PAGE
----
Where Gibson’s present shock took place in the world of fiction, Rushkoff takes the idea into the realm of theory. It’s not simply an abstract philosophical principle — though elements of that exist in the book — but a decidedly new way through which we view, understand, and interact with the world. The book traces economic history as a way of “storing time” which began during the agricultural revolution and has continued through the rise of interest bearing currency into what he calls the “overwound” culture of metastasizing expansion necessary to modern capitalism. The problem is it’s unsustainable. Like fossil fuels, we’re burning the accumulated five thousand years of recorded history in favor of the micro-second appearance of a tweet, a moment. These moments may tank the stock of an entire airline and have global consequences. The “flash crash” of 2012 was caused by algorithms vying in a virtual game of economic chess; they inadvertently caused the entire market to collapse.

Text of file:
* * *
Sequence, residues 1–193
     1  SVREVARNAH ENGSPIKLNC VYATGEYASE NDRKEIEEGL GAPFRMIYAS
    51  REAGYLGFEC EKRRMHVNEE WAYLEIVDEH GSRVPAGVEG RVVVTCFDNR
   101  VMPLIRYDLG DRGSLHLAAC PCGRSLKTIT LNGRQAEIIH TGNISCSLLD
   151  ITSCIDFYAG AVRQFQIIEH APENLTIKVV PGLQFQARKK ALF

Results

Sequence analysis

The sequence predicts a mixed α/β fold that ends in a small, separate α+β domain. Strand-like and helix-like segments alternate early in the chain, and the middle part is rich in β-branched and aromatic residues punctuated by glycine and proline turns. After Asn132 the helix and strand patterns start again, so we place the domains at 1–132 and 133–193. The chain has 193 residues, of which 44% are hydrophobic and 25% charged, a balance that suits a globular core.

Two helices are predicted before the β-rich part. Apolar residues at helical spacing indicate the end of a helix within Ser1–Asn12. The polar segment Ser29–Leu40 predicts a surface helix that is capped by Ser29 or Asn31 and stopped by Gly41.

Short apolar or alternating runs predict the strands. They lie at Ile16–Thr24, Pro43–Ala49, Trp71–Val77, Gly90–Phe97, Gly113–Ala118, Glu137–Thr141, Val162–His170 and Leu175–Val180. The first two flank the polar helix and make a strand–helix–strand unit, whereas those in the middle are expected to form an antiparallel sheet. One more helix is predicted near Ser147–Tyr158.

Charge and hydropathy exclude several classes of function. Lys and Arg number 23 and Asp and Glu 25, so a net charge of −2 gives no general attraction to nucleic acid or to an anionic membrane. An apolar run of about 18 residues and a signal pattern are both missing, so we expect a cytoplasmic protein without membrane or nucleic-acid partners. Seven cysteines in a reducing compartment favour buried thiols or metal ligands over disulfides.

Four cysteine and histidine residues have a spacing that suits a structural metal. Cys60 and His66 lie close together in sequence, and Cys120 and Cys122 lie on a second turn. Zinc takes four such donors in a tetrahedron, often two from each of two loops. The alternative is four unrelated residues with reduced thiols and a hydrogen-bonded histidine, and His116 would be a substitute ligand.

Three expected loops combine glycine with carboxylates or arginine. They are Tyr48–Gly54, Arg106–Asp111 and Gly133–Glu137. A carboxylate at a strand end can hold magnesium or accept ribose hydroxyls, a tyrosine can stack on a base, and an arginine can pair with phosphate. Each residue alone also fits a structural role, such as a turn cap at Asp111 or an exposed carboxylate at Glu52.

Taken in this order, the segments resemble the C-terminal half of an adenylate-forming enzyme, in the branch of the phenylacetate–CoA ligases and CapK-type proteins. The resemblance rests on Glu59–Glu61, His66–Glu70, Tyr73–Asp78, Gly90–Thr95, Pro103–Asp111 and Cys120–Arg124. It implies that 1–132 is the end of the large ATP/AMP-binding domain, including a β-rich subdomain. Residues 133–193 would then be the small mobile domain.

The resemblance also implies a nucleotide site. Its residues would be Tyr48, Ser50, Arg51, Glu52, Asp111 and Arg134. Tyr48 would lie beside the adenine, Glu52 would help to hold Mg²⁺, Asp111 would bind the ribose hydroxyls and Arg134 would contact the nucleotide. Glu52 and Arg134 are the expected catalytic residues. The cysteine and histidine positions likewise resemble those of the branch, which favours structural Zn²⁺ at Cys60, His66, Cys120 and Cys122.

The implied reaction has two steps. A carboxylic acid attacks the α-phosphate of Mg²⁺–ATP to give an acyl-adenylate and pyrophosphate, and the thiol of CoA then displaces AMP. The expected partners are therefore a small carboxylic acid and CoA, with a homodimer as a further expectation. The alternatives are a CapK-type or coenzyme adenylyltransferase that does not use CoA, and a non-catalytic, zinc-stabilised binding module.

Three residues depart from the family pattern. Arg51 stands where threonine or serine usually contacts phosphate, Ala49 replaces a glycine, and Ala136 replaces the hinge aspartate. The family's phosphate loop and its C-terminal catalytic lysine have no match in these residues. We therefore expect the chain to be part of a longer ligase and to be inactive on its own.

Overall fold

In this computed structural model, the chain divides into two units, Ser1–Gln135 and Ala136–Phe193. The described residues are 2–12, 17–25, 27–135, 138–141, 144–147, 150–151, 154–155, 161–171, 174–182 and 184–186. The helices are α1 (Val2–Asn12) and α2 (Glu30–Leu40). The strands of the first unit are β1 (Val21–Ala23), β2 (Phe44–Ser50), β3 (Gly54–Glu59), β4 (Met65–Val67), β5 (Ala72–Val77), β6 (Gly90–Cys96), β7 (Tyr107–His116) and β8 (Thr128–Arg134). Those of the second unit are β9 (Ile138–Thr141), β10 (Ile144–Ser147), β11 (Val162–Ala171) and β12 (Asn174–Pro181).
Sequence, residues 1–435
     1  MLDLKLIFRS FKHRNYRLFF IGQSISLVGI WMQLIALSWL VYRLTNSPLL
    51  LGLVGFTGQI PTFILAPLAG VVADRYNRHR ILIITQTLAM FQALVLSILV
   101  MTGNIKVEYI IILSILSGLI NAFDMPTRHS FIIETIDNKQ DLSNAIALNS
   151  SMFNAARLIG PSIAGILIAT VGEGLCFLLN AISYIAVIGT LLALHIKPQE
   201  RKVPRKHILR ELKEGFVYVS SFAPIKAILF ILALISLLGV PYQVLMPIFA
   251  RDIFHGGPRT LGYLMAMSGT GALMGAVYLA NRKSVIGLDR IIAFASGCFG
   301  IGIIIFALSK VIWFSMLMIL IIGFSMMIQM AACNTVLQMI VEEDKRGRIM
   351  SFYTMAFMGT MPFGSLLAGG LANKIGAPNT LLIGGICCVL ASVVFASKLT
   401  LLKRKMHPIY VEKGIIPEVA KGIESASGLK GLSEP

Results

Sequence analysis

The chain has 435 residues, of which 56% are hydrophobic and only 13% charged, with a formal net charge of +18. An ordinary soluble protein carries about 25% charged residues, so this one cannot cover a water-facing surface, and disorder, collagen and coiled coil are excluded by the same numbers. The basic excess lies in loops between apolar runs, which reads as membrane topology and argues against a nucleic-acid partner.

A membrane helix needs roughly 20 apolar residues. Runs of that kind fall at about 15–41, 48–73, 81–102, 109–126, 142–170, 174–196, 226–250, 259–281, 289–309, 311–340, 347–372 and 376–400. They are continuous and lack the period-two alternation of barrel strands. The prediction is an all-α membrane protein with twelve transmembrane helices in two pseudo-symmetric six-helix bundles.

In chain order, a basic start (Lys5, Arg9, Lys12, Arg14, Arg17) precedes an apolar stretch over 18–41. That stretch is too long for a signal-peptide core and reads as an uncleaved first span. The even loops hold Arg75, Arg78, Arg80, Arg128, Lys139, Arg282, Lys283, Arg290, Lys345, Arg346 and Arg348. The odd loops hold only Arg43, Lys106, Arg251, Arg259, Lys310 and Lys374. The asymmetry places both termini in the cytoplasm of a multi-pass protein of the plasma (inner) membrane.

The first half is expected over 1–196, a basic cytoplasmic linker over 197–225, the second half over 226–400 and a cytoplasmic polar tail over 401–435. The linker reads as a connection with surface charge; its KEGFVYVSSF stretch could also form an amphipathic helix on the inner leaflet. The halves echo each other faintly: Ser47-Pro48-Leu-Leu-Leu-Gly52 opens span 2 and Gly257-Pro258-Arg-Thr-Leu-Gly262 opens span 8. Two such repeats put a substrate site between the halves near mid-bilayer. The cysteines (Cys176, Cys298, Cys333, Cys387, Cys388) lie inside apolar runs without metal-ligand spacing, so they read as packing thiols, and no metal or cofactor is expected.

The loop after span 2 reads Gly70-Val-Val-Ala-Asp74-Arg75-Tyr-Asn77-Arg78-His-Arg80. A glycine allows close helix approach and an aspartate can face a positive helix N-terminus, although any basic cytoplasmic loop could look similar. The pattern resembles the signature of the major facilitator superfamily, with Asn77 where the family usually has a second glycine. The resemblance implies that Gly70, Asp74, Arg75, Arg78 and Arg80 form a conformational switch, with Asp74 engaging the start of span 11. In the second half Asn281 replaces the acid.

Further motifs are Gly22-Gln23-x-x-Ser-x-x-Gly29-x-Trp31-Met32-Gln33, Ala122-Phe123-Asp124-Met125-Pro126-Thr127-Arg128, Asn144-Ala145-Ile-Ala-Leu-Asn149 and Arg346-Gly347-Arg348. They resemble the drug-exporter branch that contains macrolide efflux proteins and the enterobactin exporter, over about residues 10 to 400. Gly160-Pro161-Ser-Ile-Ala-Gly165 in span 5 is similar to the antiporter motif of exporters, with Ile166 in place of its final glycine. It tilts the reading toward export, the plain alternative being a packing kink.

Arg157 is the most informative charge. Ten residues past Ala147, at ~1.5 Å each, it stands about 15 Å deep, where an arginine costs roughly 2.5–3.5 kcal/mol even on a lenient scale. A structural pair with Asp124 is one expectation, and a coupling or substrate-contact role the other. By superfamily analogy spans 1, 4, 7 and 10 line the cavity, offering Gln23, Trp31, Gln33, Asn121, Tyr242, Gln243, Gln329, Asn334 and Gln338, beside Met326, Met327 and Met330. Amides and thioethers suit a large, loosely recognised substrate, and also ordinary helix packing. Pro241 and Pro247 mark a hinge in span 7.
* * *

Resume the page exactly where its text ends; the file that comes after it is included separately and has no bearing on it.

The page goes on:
Rushkoff’s metaphors are deft, perhaps none more so than the section on economics. Our market now exists in terms of micro-seconds. Trading firms no longer project the health and viability of a company over time but instead trade on the minute fluctuations which take place faster than the human mind can process. It is computers which do most of our trading now, and those closest to the New York servers (which serve as the stock market’s neural node) edge out their competitors by fractions of a second. In so doing, they not only exploit the present shock around us, they build our actual future.